KANEOHE BAY (KHNL) -- There's a renewed push to monitor, restore, and maintain our islands' coral reefs, after the effects land development continue to hammer away at these fragile ocean organisms.
Friday, Governor Linda Lingle helped launch the international Year of the Reef, a way to raise awareness of the reef's struggle to survive.
Prestine, yet barely seen.
Unless you decide to seek them out.
Living coral reefs still grace the shallow waters off our island shores.
But, not as much as before.
At least, not near the major islands.
Governor Lingle, knows this -- first hand.
''I will tell that was magnified after my visits to the then, Northwestern Hawaiian Islands Marine National Monument, Papahanaumokuakea," Lingle said. "We were actually in the water and saw, I don't want to say, what a real coral reef looks like. But, one that is not as disturbed as the one we might see around the developed islands and it truly is magnificent."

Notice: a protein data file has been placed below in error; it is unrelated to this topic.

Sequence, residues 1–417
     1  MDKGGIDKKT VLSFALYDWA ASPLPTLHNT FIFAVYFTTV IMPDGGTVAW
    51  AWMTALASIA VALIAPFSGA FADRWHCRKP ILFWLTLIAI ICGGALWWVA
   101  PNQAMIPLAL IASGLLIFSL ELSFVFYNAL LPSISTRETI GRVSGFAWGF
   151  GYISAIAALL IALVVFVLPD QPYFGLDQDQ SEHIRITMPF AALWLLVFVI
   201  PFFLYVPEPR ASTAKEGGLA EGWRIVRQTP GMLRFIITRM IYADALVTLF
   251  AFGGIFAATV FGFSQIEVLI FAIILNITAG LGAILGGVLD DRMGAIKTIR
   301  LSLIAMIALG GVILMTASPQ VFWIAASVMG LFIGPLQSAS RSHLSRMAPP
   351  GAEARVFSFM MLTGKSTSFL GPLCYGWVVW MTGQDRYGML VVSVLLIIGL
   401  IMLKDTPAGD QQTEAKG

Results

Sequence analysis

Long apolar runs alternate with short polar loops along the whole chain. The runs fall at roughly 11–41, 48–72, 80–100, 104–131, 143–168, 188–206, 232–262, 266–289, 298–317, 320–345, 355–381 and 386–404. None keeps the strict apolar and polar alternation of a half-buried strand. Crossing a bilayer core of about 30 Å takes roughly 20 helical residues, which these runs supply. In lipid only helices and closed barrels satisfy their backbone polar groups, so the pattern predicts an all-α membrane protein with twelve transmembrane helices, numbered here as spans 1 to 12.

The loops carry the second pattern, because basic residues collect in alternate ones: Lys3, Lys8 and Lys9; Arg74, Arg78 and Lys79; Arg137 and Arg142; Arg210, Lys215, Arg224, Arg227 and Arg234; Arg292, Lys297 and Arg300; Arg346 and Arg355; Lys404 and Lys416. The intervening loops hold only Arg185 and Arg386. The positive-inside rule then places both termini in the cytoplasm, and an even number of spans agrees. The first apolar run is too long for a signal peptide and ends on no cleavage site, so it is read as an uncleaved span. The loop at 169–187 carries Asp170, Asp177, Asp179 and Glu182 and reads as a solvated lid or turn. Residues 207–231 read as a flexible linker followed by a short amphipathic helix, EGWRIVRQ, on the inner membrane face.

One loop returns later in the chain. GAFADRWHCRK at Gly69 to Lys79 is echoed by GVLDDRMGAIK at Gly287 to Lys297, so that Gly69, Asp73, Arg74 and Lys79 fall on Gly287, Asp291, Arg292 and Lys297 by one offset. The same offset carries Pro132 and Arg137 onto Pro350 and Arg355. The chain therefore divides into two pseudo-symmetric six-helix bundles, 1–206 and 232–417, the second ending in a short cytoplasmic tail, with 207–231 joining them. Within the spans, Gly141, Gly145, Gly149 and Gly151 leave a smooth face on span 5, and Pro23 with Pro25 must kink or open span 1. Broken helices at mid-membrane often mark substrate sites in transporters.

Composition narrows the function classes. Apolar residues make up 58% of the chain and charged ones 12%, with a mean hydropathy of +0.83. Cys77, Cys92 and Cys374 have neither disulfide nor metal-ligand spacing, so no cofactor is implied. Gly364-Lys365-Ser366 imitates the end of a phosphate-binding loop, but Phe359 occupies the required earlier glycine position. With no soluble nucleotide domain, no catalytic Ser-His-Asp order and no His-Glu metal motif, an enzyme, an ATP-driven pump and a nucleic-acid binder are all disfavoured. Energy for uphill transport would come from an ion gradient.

With an official proclamation, the governor kicked-off a year long series of events aimed at bringing heightened awareness to the value and importance of our delicate coral reefs.
The State Land Department is partnering with a number of public, private and non-profit organizations to educate our community on the threats to the reef's survival.
But, state officials say helping coral reefs really begins with us as individuals.
''Anything you put on the the land is going to end up in the ocean," said Athline Clark with the Department of Land and Natural Resources. "Make sure you don't throw anything down the storm drain. Remembering the fish, keep the reef healthy. When you fish, take only what you need and leave the rest for the next generation."
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